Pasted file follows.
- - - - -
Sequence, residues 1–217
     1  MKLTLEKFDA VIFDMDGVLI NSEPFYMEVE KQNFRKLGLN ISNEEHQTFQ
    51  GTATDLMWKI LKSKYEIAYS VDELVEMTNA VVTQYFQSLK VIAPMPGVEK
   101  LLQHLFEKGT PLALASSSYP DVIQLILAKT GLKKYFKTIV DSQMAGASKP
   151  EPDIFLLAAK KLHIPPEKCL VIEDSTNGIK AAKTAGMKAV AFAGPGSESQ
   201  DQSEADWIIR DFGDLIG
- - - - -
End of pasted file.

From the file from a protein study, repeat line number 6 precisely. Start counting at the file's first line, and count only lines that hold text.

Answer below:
   201  DQSEADWIIR DFGDLIG